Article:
The Council's definition, under point (f) below does slightly narrow the contentious "terrorist" offence of "seizure of or serious damage to state or government facilities, means of public transport.. places of public use and property" by adding the word "serious" - however, this does not remove the concern that this could be used against protests and non-violent actions.
Question in the House of Commons
In the House of Commons on Monday 15 October the David Blunkett, the Home Secretary, Home Secretary avoided answering a question on the scope of "terrorism". Chris Mullin MP, chair of the parliament's Home Affairs Select Committee, said there was a long history in the UK of "anti-terrorism legislation being introduced in haste and repented at leisure". He tried to pin down the government on the proposed definition of "terrorism" and asked:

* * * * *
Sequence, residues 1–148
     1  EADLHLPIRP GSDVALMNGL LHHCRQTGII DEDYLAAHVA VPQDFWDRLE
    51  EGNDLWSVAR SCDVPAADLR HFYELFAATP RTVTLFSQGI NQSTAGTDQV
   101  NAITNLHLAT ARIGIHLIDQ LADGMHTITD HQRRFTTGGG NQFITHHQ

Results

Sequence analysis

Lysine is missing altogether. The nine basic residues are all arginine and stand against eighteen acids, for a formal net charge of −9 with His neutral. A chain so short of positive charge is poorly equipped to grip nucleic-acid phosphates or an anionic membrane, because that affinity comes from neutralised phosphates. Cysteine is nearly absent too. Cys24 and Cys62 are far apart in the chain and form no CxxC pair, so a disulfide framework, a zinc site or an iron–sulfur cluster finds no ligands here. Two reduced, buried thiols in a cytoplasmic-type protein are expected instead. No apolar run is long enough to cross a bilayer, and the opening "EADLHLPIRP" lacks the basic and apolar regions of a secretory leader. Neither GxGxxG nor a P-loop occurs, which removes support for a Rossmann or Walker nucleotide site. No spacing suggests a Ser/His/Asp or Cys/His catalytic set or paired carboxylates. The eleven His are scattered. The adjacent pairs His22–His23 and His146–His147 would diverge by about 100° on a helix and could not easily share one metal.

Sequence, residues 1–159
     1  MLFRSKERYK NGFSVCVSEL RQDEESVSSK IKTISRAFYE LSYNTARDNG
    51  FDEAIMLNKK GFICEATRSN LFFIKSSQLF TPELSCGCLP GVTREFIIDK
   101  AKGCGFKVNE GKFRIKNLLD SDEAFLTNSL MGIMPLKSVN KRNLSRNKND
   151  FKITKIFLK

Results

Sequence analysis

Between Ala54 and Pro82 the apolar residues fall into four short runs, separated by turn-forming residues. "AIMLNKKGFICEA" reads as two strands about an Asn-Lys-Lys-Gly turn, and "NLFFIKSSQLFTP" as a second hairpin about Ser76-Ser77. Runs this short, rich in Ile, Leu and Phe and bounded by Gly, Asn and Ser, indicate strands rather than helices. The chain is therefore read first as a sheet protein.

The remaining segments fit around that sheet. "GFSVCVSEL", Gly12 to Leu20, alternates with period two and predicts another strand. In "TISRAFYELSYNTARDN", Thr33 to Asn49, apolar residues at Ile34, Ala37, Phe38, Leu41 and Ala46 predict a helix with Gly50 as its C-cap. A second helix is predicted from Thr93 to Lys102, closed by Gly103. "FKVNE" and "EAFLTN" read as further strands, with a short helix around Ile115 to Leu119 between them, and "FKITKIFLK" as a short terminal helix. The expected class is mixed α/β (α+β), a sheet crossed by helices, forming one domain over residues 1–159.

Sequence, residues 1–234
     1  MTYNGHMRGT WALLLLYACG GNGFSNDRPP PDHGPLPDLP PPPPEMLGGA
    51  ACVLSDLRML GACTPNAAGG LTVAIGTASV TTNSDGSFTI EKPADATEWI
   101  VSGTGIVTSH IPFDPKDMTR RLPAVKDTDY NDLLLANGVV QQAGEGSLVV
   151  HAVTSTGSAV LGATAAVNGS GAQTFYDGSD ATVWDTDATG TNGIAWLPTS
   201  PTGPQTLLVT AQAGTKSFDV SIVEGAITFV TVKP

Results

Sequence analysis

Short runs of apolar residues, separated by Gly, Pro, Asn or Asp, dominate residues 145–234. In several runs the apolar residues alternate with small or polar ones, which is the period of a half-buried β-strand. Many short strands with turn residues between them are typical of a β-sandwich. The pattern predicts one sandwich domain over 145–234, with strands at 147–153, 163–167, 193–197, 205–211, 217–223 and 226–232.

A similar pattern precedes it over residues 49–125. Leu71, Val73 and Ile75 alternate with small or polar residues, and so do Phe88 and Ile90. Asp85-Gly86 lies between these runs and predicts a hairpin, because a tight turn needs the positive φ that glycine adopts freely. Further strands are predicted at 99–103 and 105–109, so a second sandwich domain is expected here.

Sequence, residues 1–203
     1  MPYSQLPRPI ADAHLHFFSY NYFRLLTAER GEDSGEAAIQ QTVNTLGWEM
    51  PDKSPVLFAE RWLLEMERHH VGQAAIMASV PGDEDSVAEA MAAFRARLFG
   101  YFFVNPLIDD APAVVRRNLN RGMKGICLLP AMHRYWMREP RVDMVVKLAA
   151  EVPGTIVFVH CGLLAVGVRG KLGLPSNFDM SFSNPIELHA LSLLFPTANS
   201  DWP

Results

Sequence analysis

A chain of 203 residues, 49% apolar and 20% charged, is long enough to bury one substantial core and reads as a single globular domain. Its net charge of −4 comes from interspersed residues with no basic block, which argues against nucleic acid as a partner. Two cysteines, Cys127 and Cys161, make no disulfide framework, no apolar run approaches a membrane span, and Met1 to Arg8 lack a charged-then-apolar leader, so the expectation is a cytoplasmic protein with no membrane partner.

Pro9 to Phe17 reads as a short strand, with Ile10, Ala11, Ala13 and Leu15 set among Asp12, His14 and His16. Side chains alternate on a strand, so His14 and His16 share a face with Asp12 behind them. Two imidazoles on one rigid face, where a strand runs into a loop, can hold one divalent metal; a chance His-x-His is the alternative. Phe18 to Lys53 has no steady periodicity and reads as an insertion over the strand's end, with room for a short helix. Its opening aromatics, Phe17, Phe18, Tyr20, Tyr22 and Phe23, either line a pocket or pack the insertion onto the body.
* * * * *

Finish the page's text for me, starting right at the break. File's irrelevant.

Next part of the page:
"The EC may be proposing to cast the net a little too wide. Will he ensure that whatever definition [of terrorism] is finally agreed is robust, watertight and confined to dealing with terrorists and not with other people who might, from time to time, get up the noses of the established order?"
The Home Secretary did not answer this question - which leaves wide open the issue of whether the EU definition of "terrorism" extends to protests and "urban violence".
Home Office Explanatory Memorandum
The Explanatory Memorandum offer no explanation on the scope of the proposed definition of terrorism.
In our view it is quite unacceptable that the definitions of "terrorism" put forward by both the Commission and the Council should extend to cover protests (such as those in Gothenburg or Genoa) or to "urban violence". The definition should be amended to exclude such situations.